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Baby eating fruit

The information presented here is intended for educational purposes only. Please consult with your doctor or other health professional to make sure this information is right for your child.

Children’s food allergies and food intolerances can be very confusing and a source of concern for parents.

Carefully introducing solids during weaning is one important way you can help prevent strong reactions to food, especially for infants with a family history of a food allergy.

If your child has an allergy or food intolerance, be sure to tell the early childhood service or school so that adequate plans can be made. You should also consider meeting with a dietitian to plan a safe and nutritionally adequate diet for your child.

Food allergies

Food allergies are immune reactions to the protein parts of individual foods. The most common foods that can cause allergies (allergens) are: peanut and other nuts; egg; milk; fish; sesame; wheat; and soy.

Children with eczema can develop allergies in the first year or two of life. They can have quite acute reactions, often the very first time they are exposed to the food.

Accidental exposure to some foods can cause a dramatic reaction called ‘anaphylaxis’, which can quickly become life-threatening and requires emergency first aid treatment.

Typical symptoms are: rapidly spreading welts; swelling; breathing difficulties; and, in extreme cases, allergic shock and collapse.

Effectively managing the allergy involves completely avoiding the offending food(s).

Food intolerance

Food intolerances are caused by the irritant effects of certain food substances. These can be natural food components – such as salicylates, amines or glutamate (natural MSG) – or they can be additives – such as preservatives, colourings or flavourings.

Reactions to these substances often develop gradually from the effects of foods in the child’s diet.

Unlike allergies, food intolerances are rarely serious or life-threatening. In young children, symptoms can include: irritable, hyperactive or erratic behaviour; sleep disturbances; an upset stomach; loose motions; feeling sick; skin rashes; a blocked nose; and fussy eating behaviour.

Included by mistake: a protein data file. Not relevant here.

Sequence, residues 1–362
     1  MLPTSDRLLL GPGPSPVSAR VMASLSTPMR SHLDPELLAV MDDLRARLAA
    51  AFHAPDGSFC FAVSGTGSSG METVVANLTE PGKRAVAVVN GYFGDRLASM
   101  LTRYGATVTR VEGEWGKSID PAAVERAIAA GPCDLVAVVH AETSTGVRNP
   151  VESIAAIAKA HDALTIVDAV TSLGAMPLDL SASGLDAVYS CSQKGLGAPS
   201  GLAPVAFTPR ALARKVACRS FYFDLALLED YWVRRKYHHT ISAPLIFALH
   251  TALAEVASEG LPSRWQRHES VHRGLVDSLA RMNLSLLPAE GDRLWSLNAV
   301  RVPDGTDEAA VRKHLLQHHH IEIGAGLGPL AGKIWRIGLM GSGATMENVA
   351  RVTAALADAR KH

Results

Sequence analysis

Because food intolerances act by chemical irritation of nerve endings, rather than through the immune system, regular allergy tests do not help identify them.

In the most obvious cases, parents can tell which foods make their child sick. Often, however, systematic dietary testing under the supervision of a specialist and an experienced dietitian is needed to identify the offending food substances.

Managing food intolerance

There is no one ‘right’ diet for children with food intolerances. Once you have identified the source of the intolerance, it is important to reduce the daily intake of the offending chemicals from all the relevant food sources.

Unlike allergies, completely avoiding specific foods is only necessary in rare situations.

The dietary changes you need to make may be quite simple – for example, cutting out fruit juices or processed foods – or they may involve significantly modifying your child’s diet, depending on his or her level of sensitivity.

If a child’s diet is significantly restricted, or if there is a complex problem with food allergies as well as intolerances, you should seek advice from a dietitian with experience in children’s nutrition to help plan a healthy diet that will meet your child’s nutritional needs.

Carers should also be aware of a child’s food allergies or intolerances and find out what kind of reaction might occur if he or she has too much of a certain food.

Some foods like milk (and other dairy products), soy or wheat can cause either allergies or intolerances in children.

In these circumstances, carers should ask the parents to provide a medical certificate that describes the exact nature of the problem and the degree of care that needs to be taken with those foods.